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I’ve always admired caladiums but never grew them until this year. One plant put up two leaves and then a strange-looking thing that definitely was not a leaf. It turned out to be a spathe with a fat spadix inside. How common is this, and does the spadix contain both male and female flowers?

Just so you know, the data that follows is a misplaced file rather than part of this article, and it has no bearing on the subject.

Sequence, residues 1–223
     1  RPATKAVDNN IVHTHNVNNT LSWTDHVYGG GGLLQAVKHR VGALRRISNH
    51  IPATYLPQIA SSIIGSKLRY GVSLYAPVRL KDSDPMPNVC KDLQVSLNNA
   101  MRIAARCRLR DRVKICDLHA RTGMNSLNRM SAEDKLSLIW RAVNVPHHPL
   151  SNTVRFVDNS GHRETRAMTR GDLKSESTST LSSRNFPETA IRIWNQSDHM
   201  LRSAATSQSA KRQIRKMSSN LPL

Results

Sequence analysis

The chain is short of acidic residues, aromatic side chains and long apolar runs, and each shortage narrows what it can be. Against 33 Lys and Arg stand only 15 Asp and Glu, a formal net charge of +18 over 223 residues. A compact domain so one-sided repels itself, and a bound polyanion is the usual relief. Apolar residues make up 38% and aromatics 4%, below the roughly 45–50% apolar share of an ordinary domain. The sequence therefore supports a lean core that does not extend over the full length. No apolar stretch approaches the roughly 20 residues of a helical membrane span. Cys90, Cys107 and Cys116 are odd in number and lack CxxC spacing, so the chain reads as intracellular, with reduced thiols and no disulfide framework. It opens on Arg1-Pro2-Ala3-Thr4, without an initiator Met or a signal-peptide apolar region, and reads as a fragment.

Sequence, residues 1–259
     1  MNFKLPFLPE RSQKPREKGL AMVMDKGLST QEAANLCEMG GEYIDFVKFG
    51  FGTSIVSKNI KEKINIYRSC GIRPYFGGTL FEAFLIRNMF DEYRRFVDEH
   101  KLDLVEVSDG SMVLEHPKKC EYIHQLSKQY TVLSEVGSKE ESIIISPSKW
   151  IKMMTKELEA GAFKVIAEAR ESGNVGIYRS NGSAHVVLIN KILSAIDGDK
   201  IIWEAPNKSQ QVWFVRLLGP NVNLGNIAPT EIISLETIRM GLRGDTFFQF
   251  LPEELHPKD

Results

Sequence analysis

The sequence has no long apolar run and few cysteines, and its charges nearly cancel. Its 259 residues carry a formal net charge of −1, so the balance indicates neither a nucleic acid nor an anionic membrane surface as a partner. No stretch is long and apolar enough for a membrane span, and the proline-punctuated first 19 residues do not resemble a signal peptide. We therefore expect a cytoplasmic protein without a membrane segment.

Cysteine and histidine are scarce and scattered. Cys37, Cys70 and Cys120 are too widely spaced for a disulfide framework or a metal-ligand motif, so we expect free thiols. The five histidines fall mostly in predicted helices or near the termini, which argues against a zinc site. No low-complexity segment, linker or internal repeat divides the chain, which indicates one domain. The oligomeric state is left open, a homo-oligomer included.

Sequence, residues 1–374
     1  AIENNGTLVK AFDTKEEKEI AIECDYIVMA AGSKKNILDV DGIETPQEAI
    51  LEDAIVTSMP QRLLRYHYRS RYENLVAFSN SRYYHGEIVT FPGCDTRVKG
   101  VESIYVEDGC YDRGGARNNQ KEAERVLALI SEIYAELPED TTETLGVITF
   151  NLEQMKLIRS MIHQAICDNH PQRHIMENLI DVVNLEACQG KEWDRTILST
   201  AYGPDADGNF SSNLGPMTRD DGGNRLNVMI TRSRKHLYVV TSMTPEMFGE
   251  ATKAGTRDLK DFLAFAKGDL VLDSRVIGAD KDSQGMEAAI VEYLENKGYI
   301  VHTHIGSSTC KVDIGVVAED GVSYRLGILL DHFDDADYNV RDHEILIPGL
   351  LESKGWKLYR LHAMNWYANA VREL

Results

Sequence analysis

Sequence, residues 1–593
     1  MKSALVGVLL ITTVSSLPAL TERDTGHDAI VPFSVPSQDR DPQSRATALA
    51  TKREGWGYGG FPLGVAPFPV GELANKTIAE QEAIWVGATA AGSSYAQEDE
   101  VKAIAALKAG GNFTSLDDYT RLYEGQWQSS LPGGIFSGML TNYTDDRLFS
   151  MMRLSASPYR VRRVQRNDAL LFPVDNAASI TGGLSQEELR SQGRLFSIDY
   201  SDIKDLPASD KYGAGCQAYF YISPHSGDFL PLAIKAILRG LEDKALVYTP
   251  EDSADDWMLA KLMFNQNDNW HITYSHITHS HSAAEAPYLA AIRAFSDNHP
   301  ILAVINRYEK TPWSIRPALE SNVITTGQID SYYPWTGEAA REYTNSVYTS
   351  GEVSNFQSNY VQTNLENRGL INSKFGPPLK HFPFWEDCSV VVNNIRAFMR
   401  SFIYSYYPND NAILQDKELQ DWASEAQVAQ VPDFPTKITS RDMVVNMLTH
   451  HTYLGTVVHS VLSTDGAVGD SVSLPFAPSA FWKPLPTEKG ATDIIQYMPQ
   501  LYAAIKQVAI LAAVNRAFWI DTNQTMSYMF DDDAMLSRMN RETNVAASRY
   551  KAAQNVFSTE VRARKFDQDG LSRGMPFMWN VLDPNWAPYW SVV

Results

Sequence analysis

It’s not very common for caladiums to form flowers, but apparently the environmental conditions in your garden were just right for them. Like the related calla lily and Jack-in-the-pulpit, the flowering structure consists of a hooded, petal-like bract called the spathe and a spike called a spadix. The tiny flowers are crowded along the spadix with the female flowers on the lower part and the male flowers above them. Following pollination the plant will form white berries.
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